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Wednesday, 3 September 2014
Page: 6365

Senator McKENZIE (Victoria) (15:17): My conscience is absolutely clear, as is the conscience of every single government member, about the negotiated outcome that passed the Senate yesterday. I am very happy to look the 8.5 million workers in the eye and say: 'We got rid of the carbon tax. This government got rid of the carbon tax. We are ensuring that our higher education system will be sustainable for your grandchildren to be able to achieve and attend.' There are a whole range of measures that the government have brought forward that will mean the 8.5 million workers of Australia will be better off both now and in their retirement.

What we see today, about a year later, is so much denial in this place. There has been a year of promises delivered by the Abbott-Truss government. Yesterday we saw once again another promise being delivered. It has been a year of strong budgetary reforms that deal with the economic malaise left by the ALP-Greens government, yet the denial continues. A year is quite a long time actually, FYI.

The majority of voters, the majority of Australians, voted for the platform of the Liberal-National Party at the last election. I know it hurts a lot—and it must because it is a year later and we are still hearing denial—but that resounding, convincing result at the last election was based on commitments by our side of politics to: one, repeal the carbon tax—check; two, stop the boats—check; three, get the budget back on track—and, hello, yesterday's result starts to do that in the long term; and, four, repeal the mining tax. You would have thought everyone would have been on board for repealing that tax because it actually raised no money. Despite your best attempt at arithmetic, the innumeracy and illogical perspective of the ALP government resulted in a tax that could not raise a brass razoo. In fact, it actually cost us money. It hurts most because the negotiation yesterday ensured that our track back to surplus remains focussed going forward. We will save over $50 billion over the next decade, and that has to hurt.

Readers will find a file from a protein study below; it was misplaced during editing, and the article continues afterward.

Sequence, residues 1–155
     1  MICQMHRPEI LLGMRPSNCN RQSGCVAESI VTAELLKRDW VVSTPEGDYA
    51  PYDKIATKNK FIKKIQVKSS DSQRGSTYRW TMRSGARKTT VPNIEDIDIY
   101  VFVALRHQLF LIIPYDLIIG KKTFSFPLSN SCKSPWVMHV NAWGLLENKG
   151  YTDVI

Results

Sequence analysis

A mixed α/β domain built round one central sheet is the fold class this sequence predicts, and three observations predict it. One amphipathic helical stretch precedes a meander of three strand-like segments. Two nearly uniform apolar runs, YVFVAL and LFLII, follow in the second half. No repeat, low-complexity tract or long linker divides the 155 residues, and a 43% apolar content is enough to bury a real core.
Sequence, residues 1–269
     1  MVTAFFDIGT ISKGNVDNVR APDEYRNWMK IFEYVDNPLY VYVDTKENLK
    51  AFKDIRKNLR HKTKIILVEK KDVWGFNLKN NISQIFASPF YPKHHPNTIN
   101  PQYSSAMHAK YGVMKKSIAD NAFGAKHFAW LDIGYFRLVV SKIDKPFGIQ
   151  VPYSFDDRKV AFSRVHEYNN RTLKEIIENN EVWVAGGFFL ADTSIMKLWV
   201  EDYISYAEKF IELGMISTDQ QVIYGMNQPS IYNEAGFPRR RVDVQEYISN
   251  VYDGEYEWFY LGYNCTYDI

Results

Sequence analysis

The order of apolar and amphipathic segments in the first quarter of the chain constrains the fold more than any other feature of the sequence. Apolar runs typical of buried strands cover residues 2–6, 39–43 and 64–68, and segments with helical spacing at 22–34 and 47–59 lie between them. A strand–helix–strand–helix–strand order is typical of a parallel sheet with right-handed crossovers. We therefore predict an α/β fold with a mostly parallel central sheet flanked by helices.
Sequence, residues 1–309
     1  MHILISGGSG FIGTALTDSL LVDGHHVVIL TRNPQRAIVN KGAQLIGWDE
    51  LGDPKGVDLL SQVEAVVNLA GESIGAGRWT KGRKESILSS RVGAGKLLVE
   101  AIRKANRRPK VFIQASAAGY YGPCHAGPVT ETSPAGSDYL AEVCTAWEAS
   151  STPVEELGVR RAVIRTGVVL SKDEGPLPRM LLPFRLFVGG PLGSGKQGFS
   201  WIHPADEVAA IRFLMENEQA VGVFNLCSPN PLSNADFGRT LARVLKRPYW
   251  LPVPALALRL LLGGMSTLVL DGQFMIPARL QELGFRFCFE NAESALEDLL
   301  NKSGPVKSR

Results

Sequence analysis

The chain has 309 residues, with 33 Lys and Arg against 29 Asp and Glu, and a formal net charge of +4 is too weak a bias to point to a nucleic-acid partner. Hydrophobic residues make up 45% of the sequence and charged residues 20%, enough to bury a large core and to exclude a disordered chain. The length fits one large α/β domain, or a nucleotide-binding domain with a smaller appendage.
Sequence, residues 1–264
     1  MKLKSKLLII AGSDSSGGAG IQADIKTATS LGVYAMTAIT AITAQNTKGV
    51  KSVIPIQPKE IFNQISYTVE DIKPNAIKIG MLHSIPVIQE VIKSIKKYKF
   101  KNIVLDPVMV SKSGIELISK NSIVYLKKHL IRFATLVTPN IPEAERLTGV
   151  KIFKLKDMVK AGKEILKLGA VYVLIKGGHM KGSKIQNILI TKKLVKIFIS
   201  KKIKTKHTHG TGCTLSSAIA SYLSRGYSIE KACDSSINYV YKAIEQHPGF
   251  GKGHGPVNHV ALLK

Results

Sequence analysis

The low-income superannuation guarantee is money in the pay packet. Senator Lundy in her question spoke about a worker on $40,000 a year. I know that a worker on $40,000 a year would rather put the $83 a month that this actually represents toward their kids' excursions, because you do not have a lot of disposable income when you are on $40,000 a year. You may want to put that amount on your mortgage so you can access equity in your house. We know that the best form of retirement savings for most people is owning their own home. If you are on $40,000 a year it is pretty tough to make those mortgage repayments.

Let us not forget the ALP's track record on focusing on the retirement savings of Australians. They cut $3.3 billion and they increased taxes on superannuation by $9 billion. Ken Henry and Bill Shorten conceded that this issue would affect people's wages. A slower path to 12 per cent means more money in people's pockets right now, and that is exactly what low-income Australians need. The ALP sells it as a cut but, like so much of the ALP's rhetoric, that is so unlike the Australian people's conversation, because Australian people do not spend money before they get it. They actually do not plan what they are going to do with it before it is guaranteed and in their pocket. That is so unlike the ALP's approach.

In terms of meeting our commitments, the government were very up-front—and people still voted for us—that we would abolish this measure, and we will come 1 July 2017. We will revisit incentives for lower-income earners once the budget is back in strong surplus. In terms of the income support bonus, the government was up-front at the last election that we would abolish this measure, as it is funded by a tax that does not raise any money.

We are keeping our promises. Start backing the Australian people's vote. (Time expired)